Tastes like chicken (only better)
In a relationship spanning 35 years, my Significant Other has been a bit of serendipity for which I regularly give thanks.
There’s always a wart somewhere, though. Hers popped up when she announced, “I’m not going to eat mammals anymore.”
This affects me in two ways. First, I do a lot of the cooking at our house. When our kids want to know how to stuff a flank steak, they call their father.
Second, I don’t care much for poultry. So after three months of mammal-free menus, I’m damned sick of chicken.
In concept, I support Terri’s decision. The typical American diet is enormously wasteful, globally unsustainable and, as a walk through any public place will show you, promotes obesity. Most of us would be better off if we just said no to cows.
But I don’t like chicken. I mean, I like it better than turkey, which I like better than dog food, but that’s it.
What about fish? Yum. Fish increasingly has its own set of problems, though. I follow the guidelines of the Monterey Bay Aquarium, but conscientiousness increases both the cost and the guilt factor of being a fish-eater. (Download a safe seafood guide at www.mbayaq.org).
As a reluctant consumer, I’m ever on the alert for chicken recipes that don’t make me want to run to McDonald’s after dinner. I’ve tried dozens, and reviews generally have been good. In the end, though, they all fail me in one significant way: They taste like chicken.
Almost by accident, I’ve stumbled on a partial solution. It makes good use of an economical whole bird, tests your surgical skills, and a single chicken can provide two meals for two, plus a big pot of soup, plus trimmings for dog treats or tacos.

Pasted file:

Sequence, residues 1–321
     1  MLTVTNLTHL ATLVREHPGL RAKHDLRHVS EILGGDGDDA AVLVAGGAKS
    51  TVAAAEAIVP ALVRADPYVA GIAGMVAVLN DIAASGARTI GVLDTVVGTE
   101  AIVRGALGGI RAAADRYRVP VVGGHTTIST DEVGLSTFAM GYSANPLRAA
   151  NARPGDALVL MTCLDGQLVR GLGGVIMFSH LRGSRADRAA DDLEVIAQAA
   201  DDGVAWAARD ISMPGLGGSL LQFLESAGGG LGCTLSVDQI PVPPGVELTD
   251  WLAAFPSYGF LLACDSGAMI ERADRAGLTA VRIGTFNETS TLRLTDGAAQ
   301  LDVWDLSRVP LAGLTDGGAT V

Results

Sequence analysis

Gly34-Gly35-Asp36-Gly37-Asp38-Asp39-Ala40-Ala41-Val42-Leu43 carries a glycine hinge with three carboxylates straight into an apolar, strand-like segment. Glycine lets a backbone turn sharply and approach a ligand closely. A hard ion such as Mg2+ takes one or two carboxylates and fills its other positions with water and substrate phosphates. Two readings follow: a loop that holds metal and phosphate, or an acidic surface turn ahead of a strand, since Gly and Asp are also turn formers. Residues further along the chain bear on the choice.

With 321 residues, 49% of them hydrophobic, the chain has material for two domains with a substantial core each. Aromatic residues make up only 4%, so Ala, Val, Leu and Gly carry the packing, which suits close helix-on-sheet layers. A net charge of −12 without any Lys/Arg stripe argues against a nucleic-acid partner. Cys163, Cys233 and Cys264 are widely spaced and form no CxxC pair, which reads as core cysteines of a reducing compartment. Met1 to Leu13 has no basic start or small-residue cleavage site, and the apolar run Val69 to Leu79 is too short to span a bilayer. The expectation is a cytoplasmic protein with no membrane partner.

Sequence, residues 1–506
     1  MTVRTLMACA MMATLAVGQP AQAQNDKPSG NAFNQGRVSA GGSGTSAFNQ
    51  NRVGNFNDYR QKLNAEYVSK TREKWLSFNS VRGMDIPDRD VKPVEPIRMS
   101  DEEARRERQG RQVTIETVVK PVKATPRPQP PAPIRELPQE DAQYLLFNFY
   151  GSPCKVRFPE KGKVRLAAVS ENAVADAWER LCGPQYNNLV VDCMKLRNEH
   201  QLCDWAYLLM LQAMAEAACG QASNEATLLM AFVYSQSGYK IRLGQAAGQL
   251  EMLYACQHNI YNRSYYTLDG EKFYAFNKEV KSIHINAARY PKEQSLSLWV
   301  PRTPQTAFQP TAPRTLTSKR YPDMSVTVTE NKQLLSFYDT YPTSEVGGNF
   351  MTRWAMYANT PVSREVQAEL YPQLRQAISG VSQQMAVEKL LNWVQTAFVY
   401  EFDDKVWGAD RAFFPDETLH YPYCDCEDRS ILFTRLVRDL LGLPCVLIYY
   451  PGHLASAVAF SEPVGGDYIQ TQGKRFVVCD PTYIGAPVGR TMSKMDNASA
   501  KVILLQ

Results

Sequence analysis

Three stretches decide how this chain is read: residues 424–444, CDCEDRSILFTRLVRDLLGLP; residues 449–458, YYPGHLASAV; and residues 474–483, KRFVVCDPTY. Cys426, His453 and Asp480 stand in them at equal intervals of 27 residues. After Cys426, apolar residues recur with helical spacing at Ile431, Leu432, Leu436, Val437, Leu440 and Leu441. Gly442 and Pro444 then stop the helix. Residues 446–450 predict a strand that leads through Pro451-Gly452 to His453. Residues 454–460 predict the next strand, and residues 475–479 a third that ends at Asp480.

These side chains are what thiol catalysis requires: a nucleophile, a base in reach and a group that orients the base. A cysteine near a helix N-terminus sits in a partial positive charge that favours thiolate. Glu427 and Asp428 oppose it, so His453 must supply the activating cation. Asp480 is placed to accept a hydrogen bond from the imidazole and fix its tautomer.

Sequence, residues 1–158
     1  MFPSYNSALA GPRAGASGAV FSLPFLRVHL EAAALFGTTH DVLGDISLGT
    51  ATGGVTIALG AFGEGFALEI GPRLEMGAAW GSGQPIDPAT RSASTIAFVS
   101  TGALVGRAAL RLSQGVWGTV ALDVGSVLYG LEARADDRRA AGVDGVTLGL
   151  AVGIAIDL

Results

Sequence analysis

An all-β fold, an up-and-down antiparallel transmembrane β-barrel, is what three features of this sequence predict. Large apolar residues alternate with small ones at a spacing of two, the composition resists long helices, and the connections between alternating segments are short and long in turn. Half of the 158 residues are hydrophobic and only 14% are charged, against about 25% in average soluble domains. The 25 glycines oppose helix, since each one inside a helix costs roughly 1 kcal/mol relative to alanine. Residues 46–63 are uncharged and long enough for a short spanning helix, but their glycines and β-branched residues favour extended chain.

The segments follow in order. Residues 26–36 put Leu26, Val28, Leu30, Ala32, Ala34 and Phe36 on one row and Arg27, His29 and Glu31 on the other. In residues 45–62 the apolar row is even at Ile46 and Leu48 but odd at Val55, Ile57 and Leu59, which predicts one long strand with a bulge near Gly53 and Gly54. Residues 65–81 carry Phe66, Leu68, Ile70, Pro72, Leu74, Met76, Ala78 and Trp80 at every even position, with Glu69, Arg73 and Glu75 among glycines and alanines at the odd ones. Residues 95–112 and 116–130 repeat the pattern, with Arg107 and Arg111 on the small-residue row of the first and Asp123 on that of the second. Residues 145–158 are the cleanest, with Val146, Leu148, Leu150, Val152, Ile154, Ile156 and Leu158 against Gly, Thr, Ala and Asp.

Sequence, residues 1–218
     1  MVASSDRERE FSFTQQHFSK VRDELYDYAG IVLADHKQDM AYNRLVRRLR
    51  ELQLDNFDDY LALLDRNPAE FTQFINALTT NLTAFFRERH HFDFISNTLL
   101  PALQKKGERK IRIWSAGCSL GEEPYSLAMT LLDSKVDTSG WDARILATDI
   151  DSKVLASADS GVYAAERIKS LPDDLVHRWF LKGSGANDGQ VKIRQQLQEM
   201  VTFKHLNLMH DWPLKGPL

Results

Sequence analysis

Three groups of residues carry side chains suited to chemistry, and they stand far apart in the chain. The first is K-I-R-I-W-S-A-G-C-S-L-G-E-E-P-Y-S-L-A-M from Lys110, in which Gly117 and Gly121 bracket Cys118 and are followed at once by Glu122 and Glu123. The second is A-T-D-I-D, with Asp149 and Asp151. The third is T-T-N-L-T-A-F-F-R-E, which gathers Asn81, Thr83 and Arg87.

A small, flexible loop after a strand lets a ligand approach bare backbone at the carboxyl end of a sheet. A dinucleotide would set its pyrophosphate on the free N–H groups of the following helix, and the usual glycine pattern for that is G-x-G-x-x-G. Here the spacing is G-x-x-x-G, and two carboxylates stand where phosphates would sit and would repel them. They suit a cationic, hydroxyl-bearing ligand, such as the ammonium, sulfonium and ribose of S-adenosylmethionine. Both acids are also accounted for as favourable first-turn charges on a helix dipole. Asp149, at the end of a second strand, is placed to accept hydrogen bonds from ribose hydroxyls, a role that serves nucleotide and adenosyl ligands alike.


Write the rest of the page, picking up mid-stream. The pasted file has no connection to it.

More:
Buy a whole chicken, take it home and throw away the guts in the little bag. (They’re edible, but don’t use them in the stock you’ll read about in a minute.) Cut off the wings and legs, a job that gets easier after you learn how things attach. Set those aside.
Here’s the secret move: Turn the chicken, now essentially a meat football, over and use kitchen shears to cut through the ribs along each side of the backbone. Remove the backbone and put it with the legs. Turn the body breast up, spread it like a butterfly and press hard on the sternum until you hear things crack.
Just do it. This is known as “spatchcocking,” and it’s the key to tolerable poultry.
The legs, wings and backbone can go into a freezer bag. Save them until you have a bunch, then look up “stock” in your cookbook and make some, from which you can make soup.
Now, though, preheat your oven to 375 degrees. Slice a lemon into rounds and put them on a baking sheet, then put the spatchcocked chicken on the lemon slices breast side up. If you want, separate the skin from the breast and slip some herbs or garlic slivers under it, then pat the skin back into place.
Season with salt and pepper, then slide the chicken into the oven for about 45 minutes, or until a thermometer in the thickest part reads 165 degrees. Let it stand 10 minutes before eating. You’ll have the best part of the chickie perfectly roasted, with a crisp skin and no weird parts poking out to be over- or underdone. It’s enough for three or four people once, one person three or four times, or sandwiches or tacos for the family. When it’s gone, freeze the bony remains with the wings and legs.